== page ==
{
    KeyDescriptor signingKey = new KeyDescriptor(this.SigningCredentials.SigningKeyIdentifier)
    {
        Use = KeyType.Signing
    };

    sts.Keys.Add(signingKey);
}

private void FillSupportedProtocols(SecurityTokenServiceDescriptor sts)
{
    sts.ProtocolsSupported.Add(new System.Uri(WSFederationConstants.Namespace));
}

private void FillEndpoints(SecurityTokenServiceDescriptor sts)
{
    EndpointAddress activeEndpoint = new EndpointAddress(string.Format("https://{0}/STS/activeSTS.svc", host));

    sts.SecurityTokenServiceEndpoints.Add(activeEndpoint);
    sts.TargetScopes.Add(activeEndpoint);
}

private void FillOfferedClaimTypes(ICollection<DisplayClaim> claimTypes)
{
    claimTypes.Add(new DisplayClaim(ClaimTypes.Name, "Name", ""));
    claimTypes.Add(new DisplayClaim(ClaimTypes.Email, "Email", ""));
    claimTypes.Add(new DisplayClaim(ClaimTypes.Role, "Role", ""));
}

That in a nutshell is how to create a basic metadata document as well as sign it.  There is a lot more information you can put into this, and you can find more things to work with in the Microsoft.IdentityModel.Protocols.WSFederation.Metadata namespace.

The Basics of Building a Security Token Service

by Steve Syfuhs / October 29, 2010 04:00 PM

Last week at TechDays in Toronto I ran into a fellow I worked with while I was at Woodbine.  He works with a consulting firm Woodbine uses, and he caught my session on Windows Identity Foundation.  His thoughts were (essentially—paraphrased) that the principle of Claims Authentication was sound and a good idea, however implementing it requires a major investment.  Yes.  Absolutely.  You will essentially be adding a new tier to the application.  Hmm.  I’m not sure if I can get away with that analogy.  It will certainly feel like you are adding a new tier anyway.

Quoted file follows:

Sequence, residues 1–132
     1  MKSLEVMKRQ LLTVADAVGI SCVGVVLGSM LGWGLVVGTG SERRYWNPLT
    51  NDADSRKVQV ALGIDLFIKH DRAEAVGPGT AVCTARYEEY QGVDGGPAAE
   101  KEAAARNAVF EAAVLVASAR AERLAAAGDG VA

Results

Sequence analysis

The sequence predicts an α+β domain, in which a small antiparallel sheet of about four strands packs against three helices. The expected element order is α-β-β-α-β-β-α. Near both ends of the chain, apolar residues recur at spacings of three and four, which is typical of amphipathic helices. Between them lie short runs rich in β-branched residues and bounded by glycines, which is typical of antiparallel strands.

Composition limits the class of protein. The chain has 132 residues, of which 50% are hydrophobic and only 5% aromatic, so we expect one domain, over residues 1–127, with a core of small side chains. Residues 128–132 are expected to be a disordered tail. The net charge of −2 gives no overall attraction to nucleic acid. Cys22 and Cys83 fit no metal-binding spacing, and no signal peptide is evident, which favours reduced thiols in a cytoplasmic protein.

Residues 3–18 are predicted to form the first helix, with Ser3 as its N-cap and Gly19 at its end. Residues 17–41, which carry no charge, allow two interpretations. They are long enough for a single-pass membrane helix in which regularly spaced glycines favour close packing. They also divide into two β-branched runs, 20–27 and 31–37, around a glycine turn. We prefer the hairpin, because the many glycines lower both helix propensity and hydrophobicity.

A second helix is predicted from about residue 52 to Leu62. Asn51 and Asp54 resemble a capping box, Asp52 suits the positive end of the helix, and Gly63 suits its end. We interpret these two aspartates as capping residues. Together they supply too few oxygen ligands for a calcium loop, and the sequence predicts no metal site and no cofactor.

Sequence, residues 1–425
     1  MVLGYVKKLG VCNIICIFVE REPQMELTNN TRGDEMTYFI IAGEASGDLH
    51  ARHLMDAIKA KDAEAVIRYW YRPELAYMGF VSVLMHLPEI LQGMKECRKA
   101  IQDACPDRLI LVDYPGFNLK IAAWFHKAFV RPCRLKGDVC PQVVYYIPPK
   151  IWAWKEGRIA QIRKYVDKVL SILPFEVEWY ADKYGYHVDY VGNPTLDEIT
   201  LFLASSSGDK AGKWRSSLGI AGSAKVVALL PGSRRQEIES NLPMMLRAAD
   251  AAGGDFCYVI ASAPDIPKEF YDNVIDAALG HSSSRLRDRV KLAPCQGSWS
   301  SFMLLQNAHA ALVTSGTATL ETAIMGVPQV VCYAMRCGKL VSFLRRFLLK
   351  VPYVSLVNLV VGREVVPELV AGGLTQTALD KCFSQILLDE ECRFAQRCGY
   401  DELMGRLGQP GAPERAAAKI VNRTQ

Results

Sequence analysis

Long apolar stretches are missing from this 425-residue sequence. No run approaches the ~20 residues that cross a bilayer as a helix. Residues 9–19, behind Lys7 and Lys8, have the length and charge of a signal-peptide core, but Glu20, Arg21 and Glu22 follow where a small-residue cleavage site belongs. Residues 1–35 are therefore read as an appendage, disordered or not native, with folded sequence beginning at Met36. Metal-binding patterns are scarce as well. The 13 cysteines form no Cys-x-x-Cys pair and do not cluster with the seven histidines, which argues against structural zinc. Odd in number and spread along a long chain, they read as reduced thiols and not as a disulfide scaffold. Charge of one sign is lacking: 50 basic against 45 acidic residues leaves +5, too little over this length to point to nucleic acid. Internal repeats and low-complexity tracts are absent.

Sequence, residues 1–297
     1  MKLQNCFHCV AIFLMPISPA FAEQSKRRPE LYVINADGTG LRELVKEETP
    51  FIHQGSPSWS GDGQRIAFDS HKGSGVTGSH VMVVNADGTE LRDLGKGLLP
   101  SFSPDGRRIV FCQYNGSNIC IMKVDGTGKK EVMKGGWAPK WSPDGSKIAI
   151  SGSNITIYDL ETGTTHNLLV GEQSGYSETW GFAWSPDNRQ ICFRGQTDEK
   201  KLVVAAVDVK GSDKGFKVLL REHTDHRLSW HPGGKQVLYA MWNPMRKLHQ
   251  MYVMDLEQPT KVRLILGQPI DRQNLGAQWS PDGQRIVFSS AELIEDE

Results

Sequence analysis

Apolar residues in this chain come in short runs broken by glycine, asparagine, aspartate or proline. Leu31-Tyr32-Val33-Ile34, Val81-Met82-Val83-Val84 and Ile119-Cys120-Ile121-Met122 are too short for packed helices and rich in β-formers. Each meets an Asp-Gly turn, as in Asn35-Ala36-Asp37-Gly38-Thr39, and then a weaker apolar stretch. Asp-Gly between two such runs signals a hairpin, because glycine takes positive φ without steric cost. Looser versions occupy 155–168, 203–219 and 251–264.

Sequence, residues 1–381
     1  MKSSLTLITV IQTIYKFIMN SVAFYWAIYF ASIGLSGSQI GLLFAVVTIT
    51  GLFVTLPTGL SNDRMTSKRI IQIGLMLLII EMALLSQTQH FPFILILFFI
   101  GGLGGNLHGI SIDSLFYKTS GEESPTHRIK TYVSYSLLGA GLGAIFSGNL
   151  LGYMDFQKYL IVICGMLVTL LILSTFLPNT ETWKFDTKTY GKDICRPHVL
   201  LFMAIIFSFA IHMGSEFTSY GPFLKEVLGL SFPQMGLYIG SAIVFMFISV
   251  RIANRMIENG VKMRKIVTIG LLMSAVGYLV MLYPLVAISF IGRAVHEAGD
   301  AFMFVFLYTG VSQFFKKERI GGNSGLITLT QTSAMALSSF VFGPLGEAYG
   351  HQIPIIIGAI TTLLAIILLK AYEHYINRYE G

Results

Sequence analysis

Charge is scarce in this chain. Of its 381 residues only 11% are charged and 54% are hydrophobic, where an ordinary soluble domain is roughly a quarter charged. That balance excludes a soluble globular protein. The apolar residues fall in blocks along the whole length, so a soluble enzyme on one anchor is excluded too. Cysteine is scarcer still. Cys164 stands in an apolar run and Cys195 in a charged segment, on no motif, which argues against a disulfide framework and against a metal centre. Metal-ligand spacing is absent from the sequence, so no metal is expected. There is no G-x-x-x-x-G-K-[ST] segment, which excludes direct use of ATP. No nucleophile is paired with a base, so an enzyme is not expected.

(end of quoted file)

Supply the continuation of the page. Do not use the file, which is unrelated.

What strikes me as the main investment is the Security Token Service.  When you break it down, there are a lot of moving parts in an STS.  In a previous post I asked what it would take to create something similar to ADFS 2.  I said it would be fairly straightforward, and broke down the parts as well as what would be required of them.  I listed:

  • Token Services
  • A Windows Authentication end-point
  • An Attribute store-property-to-claim mapper (maps any LDAP properties to any claim types)
  • An application management tool (MMC snap-in and PowerShell cmdlets)
  • Proxy Services (Allows requests to pass NAT’ed zones)

These aren’t all that hard to develop.  With the exception of the proxy services and token service itself, there’s a good chance we have created something similar to each one if user authentication is part of an application.  We have the authentication endpoint: a login form to do SQL Authentication, or the Windows Authentication Provider for ASP.NET.  We have the attribute store and something like a claims mapper: Active Directory, SQL databases, etc.  We even have an application management tool: anything you used to manage users in the first place.  This certainly doesn’t get us all the way there, but they are good starting points.

Going back to my first point, the STS is probably the biggest investment.  However, it’s kind of trivial to create an STS using WIF.  I say that with a big warning though: an STS is a security system.  Securing such a system is NOT trivial.  Writing your own STS probably isn’t the best way to approach this.  You would probably be better off to use an STS like ADFS.  With that being said it’s good to know what goes into building an STS, and if you really do have the proper resources to develop one, as well as do proper security testing (you probably wouldn’t be reading this article on how to do it in that case…), go for it.

For the sake of simplicity I’ll be going through the Fabrikam Shipping demo code since they did a great job of creating a simple STS.  The fun bits are in the Fabrikam.IPSts project under the Identity folder.  The files we want to look at are CustomSecurityTokenService.cs, CustomSecurityTokenServiceConfiguration.cs, and the default.aspx code file.  I’m not sure I like the term “configuration”, as the way this is built strikes me as factory-ish.

image